Mollie Murphy, tax associate at PwC, shares her experiences in the UW Foster School’s Master of Science in Taxation. She graduated from the program in 2016.
What advice would you give a student choosing between several tax programs?
I think it’s important to consider what you want out of your Master’s program in the short- and long-term. For me, I knew being in the Seattle area and having a traditional class schedule, as opposed to online or night classes, was important to me. Long-term, a huge benefit of UW’s program, especially for those who plan to start full-time in Seattle after graduating, is the opportunity to get to know so many people starting at the public accounting firms in Seattle. You start building a professional network that will be really valuable in the future.
Tell us about your study group. How did your study group affect your experience in the MS Taxation program?
I had a fairly large study group of ten people which was both challenging and beneficial. We definitely learned a lot over the year about how to work together efficiently and effectively in such a large group. It was really fun having a study group with people who were starting at several different firms because I felt I was able to get to know people I otherwise wouldn’t have had the opportunity to spend as much time with. We balanced out all of our study time together with social activities and had a great time.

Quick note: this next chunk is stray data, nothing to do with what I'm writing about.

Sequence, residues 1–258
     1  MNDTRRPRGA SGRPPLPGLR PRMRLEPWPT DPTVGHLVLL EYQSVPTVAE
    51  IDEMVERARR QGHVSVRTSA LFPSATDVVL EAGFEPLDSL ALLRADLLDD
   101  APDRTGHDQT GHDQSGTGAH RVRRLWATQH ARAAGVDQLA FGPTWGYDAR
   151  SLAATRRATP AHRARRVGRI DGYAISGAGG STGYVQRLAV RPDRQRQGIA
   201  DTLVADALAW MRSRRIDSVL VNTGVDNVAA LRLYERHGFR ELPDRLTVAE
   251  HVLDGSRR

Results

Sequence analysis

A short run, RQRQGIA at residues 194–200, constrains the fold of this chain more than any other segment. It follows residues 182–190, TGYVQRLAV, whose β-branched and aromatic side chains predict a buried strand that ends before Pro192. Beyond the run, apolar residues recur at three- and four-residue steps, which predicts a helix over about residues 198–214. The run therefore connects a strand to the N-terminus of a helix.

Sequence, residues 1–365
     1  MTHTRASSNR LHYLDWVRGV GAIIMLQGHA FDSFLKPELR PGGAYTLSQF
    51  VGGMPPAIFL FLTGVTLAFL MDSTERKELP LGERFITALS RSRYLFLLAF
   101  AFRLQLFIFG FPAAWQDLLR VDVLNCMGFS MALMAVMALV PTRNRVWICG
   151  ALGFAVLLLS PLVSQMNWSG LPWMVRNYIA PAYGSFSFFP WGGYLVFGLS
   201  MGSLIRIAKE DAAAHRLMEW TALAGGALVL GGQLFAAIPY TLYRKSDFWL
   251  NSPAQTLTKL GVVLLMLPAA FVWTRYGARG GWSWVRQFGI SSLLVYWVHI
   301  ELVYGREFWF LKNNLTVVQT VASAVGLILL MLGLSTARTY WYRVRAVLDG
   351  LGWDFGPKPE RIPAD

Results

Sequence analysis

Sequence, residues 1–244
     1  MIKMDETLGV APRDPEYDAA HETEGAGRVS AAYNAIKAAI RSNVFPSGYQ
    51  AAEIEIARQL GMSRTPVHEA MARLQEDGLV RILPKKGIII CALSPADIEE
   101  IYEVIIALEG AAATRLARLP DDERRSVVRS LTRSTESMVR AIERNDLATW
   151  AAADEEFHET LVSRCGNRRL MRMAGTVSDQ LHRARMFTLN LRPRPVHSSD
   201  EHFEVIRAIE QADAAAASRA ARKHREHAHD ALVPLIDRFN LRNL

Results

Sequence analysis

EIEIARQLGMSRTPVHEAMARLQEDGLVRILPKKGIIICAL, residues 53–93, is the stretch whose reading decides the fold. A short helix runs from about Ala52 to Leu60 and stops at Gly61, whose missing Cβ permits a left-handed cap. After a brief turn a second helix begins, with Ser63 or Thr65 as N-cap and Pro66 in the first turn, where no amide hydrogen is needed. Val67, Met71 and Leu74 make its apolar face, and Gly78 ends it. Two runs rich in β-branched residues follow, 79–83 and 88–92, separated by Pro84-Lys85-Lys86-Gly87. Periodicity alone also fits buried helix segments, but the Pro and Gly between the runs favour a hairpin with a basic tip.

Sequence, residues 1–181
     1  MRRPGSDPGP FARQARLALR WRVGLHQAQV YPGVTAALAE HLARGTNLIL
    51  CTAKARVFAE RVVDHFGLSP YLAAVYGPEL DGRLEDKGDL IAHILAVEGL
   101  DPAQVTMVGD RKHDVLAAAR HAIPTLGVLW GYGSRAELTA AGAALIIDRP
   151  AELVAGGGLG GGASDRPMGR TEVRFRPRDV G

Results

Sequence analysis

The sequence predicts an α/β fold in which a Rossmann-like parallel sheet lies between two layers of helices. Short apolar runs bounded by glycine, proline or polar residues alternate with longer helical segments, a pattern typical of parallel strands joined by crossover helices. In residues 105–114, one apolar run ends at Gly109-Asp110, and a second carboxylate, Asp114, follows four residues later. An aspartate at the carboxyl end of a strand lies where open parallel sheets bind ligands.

What was your favorite moment during MS Taxation?
My favorite moment during MS Taxation was our post-finals celebration fall quarter. Fall quarter was the most challenging quarter for me because it took time to adjust to the work load and five classes per quarter. But all of the students and professors came back to our classroom after the last final. We played games and then went to Flatstick Pub and played indoor mini golf. It was our first big event after getting to know each other better and it was by far my favorite social of the year!
What class has been the most useful in your career so far?
On the first day of orientation, Bill Resler told us the most invaluable class of this program would be our communications class. That’s become more apparent to me as I’ve started work and realized the number of times I think back to issues we discussed in our communications class in order to address a question I have. Whether it’s email or office etiquette, time management, or referencing Steve Rice’s “Writing Mistakes to Never Make,” lessons learned in this class have made the transition into the professional work environment a lot easier.
What strategies did you use to balance work, life, and the MS Taxation program?
There were definitely periods when striking the right balance between work, life, and the MS Taxation program was challenging. Most of these days involved sitting in class for six hours and then going straight to the library to study for the CPA. The program is designed to remind students to have fun in addition to working hard. We had a great social chair who coordinated all sorts of fun activities throughout the year. The professors encouraged all of us to attend these events to not only get to know our peers, but also to remind us that while it’s important to work hard, it’s equally important to balance that out with things you enjoy so you don’t burn out!